The Planets


1934 Map of Mercury
Astronomers used Eugène Antoniadi’s Mercury maps for decades, until new developments in telescopes brought the planet into sharper focus. On this 1934 map south is at the top, as seen through an inverting telescope.

Mercury is deep in the pre-dawn solar glare at the beginning of October, just having come to inferior conjunction on September 30. It may first be visible on October 11 a mere half an hour before sunrise, about 1° from the waning crescent Moon. The innermost planet is 20° below Jupiter at this time, but the gap between the two grows as the month progresses.

Mercury reaches greatest western elongation the night of October 15 – 16, when it stands 18° from the Sun and rises at the very start of astronomical twilight. By the final week of the month, the sun-scorched world brightens to magnitude -1 but descends quite low into the sunrise.

A backyard telescope will reveal Mercury’s changing form. On the 11th, the planet’s disk spans 8” and appears 31-percent illuminated. Five days later, at greatest elongation, its diameter has shrunk to 7” and its phase has waxed to exactly half-lit.

Seeing surface markings on Mercury with a small telescope, or with almost any telescope on Earth, is extremely difficult. Some experienced amateur observers report seeing dusky markings, but no useful information has ever come from such sightings. These observations do not appear to correspond to real features as shown in spacecraft images.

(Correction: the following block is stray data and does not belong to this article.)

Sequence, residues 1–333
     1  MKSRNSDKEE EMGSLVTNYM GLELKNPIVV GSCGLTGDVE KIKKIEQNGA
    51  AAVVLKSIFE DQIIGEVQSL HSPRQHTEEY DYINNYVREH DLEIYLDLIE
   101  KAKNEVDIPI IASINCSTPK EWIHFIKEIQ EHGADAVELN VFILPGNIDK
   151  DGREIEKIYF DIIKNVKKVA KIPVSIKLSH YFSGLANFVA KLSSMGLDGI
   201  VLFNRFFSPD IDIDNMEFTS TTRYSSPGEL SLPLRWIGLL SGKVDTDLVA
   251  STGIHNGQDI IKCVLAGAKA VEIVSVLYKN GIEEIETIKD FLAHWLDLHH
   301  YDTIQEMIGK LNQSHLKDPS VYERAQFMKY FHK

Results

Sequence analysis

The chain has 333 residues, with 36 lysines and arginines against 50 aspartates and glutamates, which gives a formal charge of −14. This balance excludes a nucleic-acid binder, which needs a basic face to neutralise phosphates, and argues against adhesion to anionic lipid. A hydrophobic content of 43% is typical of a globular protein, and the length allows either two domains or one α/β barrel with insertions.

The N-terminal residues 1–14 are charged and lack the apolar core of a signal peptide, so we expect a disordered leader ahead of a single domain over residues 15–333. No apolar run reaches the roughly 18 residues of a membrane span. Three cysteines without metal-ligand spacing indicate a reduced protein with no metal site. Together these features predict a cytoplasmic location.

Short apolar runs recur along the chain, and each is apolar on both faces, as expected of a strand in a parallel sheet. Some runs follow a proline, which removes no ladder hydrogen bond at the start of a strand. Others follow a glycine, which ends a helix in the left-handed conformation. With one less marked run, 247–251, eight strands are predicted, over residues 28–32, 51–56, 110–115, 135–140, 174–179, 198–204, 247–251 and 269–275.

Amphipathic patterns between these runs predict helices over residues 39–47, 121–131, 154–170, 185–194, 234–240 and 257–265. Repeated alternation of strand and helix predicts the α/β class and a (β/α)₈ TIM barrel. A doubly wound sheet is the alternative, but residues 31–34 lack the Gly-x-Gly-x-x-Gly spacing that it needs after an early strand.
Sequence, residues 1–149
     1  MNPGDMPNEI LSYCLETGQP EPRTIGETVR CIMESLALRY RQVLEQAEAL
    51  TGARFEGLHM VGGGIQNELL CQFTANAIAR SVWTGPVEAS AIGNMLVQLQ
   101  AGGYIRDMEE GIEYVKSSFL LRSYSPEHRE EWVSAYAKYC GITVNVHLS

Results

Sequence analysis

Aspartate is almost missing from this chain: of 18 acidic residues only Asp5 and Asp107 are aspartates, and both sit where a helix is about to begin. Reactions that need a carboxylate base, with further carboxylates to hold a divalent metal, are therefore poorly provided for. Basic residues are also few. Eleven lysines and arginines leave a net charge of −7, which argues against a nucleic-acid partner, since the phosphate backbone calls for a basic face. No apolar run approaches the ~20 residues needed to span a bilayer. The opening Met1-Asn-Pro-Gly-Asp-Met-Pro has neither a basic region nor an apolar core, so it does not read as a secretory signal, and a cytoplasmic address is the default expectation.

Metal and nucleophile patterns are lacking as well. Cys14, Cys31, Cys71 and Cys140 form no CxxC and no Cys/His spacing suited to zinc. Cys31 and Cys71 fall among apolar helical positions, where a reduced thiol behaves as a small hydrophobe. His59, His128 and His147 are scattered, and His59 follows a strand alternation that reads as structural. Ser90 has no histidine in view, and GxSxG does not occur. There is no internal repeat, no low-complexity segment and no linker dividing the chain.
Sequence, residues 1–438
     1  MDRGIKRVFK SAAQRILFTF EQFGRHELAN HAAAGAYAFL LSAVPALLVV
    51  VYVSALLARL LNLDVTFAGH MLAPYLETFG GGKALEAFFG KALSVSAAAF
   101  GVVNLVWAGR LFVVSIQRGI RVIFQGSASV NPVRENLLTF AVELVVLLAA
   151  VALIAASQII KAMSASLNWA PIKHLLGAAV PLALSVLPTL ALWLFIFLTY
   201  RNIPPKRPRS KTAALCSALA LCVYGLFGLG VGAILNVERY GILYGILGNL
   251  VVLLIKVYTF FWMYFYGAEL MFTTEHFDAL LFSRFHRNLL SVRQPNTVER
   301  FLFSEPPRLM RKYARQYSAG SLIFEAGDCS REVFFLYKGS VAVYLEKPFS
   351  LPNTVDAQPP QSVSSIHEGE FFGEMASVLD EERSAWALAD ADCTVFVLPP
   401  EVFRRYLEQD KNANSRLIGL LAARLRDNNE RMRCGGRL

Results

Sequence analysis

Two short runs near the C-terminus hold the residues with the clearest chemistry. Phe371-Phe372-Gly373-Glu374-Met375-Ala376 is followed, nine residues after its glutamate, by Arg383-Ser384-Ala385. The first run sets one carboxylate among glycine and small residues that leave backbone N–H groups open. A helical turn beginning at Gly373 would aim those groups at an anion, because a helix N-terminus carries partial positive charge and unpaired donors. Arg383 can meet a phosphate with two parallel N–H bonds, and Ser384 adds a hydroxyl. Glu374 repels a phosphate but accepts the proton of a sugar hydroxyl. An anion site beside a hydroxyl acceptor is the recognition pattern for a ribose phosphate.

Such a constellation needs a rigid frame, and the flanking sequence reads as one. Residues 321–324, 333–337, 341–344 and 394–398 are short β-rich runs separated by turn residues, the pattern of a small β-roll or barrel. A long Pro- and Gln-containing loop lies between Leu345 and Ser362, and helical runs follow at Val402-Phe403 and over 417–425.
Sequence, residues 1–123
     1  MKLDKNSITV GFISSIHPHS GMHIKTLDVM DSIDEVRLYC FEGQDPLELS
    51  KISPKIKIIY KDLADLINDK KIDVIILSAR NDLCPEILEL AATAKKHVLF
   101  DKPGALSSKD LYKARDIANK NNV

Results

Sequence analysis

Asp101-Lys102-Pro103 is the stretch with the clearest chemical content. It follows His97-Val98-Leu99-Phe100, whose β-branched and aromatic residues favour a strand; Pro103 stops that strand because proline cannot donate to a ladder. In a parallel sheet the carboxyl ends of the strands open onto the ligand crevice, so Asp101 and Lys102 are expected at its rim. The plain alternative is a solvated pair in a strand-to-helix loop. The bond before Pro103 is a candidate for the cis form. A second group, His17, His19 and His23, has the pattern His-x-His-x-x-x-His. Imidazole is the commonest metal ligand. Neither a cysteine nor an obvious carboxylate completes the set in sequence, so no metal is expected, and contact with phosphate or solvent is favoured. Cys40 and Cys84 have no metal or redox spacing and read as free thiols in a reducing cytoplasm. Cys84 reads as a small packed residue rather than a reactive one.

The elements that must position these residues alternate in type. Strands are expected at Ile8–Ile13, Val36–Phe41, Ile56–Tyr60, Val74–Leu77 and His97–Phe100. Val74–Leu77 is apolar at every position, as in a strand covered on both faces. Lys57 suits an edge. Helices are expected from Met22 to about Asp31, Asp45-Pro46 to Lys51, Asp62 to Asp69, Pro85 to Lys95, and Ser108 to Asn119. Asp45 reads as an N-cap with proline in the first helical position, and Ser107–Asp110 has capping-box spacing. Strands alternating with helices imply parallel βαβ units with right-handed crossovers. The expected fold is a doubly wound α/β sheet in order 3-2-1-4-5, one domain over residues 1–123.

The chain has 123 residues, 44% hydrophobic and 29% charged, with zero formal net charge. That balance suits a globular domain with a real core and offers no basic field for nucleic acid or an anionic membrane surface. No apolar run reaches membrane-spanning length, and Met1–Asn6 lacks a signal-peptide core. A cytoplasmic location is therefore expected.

Finder map (early October) – 30 minutes before sunrise, looking east.
Finder map (mid-October) – 30 minutes before sunrise, looking east.
Finder map (late October) – 30 minutes before sunrise, looking east.


Conjunction Over Chile
In the night sky over ESO’s Very Large Telescope (VLT) observatory in Chile, the Moon shines along with two bright companions: Venus and Jupiter. Such close groupings of celestial bodies are called conjunctions. ESO / Y. Beletsky

The stage is set for the finest planetary conjunction of the year. Venus, Mars and Jupiter – in that order from top to bottom – start the month almost evenly spaced and separated by only 17° in the predawn darkness. The spectacular gathering only gets better with the arrival of each new morning.

A waning crescent Moon joins the trio on October 8, just 4° to the upper right of Venus, with Mars and Jupiter 9° and 13° farther lower left, respectively. The following morning, the Moon forms a compact triangle with Mars and Jupiter, 10° below Venus and Leo’s brightest star, 1st-magnitude Regulus.

On October 17 and 18, Mars shines less than 0.5° from Jupiter, with magnitude -4.4 Venus about 7° to the upper right. The 23rd finds Mars and Venus 4.5° apart with Jupiter midway between.

Three mornings later, on October 26, Venus blazes just 1° south of Jupiter (the circle containing Venus, Jupiter and Mars is now only 3.5° in diameter). October 26 is also the day Venus reaches greatest elongation, 46° west of the Sun and more than 25° high above the eastern horizon as twilight begins.

By October’s final morning, Mars moves away from Jupiter, while Venus has closed to within 1.4° of Mars. The latter two will experience a close conjunction of their own, less than 1° apart from November 2nd through 4th.

Venus’ telescopic appearance changes dramatically during the month. On October 1, the planet’s disk spans 33” and appears 35-percent lit; by the 31st, the disk measures 23” across while the phase thickens to 53-percent sunlit.